Only a month after the original “takeover announcement”, over six months ago, Harbin’s Chairman executed a $50 million dollar bank loan for the company, collateralized by his personal stock holdings, worth more than double the loan amount at the time.
We ask one simple question: Why? If you really have $55 million in the bank, earning less than 1% interest, would you borrow $50 million at 8% interest if you don’t desperately need the money?
Clearly it's an expensive transaction – the company is paying $1.9 million interest quarterly to service the loan (at 8%), while earning less than $200,000 interest on its free cash balances. And according to more recent filings, they've never used the money. It supposedly just sits in their bank account. (Sorry to be so damn obvious.)
Regardless of what the reason is, it bodes poorly for a company that expects to get financing to go private for a 70% premium to market.
Not Only Do We Not Believe Harbin…But Neither Does Wall Street
It is not only us that don’t believe the takeover, but obviously Wall Street doesn’t either.
Here is a typical Wall Street risk/arb spreadsheet, showing the difference between the current market price and the proposed takeover price for dozens of deals in process.
Note that these stocks all trade within a few percent of the proposed takeover price. Yet, Harbin has never traded higher than the range of 50% to 70% of its takeover price.
It seems that that the only people who believe this deal could go through are Abax and the very vocal Peter Siris. If you are holding this stock relying on the “easy profit”, look carefully at the track of the group with whom you are riding shotgun.
Meet The Real Abax Capital Management
The purported equity partner for this deal is Abax Capital Management. This crew has no hesitation to name-drop impressive sounding folks such as “Morgan Stanley”. Yet, we have been unable to find even one successful deal they have participated in as a principal. The few deals that have made it into the public domain could best be described as “pathetic”. The founding partners have split up, and we strongly doubt that under current market conditions Abax has any financial muscle to swing this deal.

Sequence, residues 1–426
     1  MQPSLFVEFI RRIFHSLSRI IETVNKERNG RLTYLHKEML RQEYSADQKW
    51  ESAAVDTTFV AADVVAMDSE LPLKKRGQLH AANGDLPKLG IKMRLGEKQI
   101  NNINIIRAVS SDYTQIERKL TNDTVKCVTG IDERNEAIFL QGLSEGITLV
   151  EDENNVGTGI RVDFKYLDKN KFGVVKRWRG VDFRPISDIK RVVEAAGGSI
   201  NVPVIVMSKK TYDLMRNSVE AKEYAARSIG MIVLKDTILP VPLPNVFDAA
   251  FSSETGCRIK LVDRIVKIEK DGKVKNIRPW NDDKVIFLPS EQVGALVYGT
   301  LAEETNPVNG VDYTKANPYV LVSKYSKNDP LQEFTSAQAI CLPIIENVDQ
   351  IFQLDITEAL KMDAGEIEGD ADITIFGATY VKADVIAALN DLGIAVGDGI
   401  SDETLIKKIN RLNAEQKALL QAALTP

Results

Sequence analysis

Ferro China, valued at $240 million when Abax was involved, is now worthless, and in bankruptcy.
United Fiber Systems, China Water Industry, China Natural Gas (OTC:CHNG), SinoEnergy, China Mobile Media Tech — they’re all failed. CSR trades trade at a huge discount to its purported take-private price. We have yet to find one successful deal come out of Abax.
Introducing Peter Siris And Guerrilla Capital Management
I have discussed tirelessly the vocal Peter Siris. A review of his fund’s filings just makes me wish I had invested money with him…to short everything he buys. Here is a third party article on Mr. Siris and his recent stock market troubles.
Lots Of Luck Suing Later
To illustrate a final point we’ve made previously about the China space, there’s a tremendous vulnerability for US investors who assume “a stock is a stock is a stock” if it trades on the Nasdaq or the NYSE.
Investors are going to face “mission impossible” when trying to avail themselves of the customary legal protections they assume are available to shareholders, for companies domiciled in China. Here’s a news story about one of the early civil shareholder suits, which can’t even get papers served on defendants domiciled in China. Buyer beware.
For those of you who do not read us, yesterday another China coverage stock was halted: China-Biotics (NASDAQ:CHBT). How long until Harbin faces the same fate?
We have hundreds of pages of SAIC documents – the in-country filings of Harbin’s subsidiaries over the years. These documents do not even remotely resemble the company that Harbin portrays to US investors in its SEC filings.
But needless to say, we think no bank in China or anywhere else would dream of relying on Harbin’s SEC filings, generated by a disgraced auditor, as a basis providing hundreds of millions of dollars in high-risk financing to fund a huge premium to pay off US investors.
We see no reason to drown readers in paperwork to prove a fraud that is too obvious. If need be, we will continue to publish information on a timely basis that we find is relevant to investors.
Cautious investing to all.
Disclosure: Short HRBN.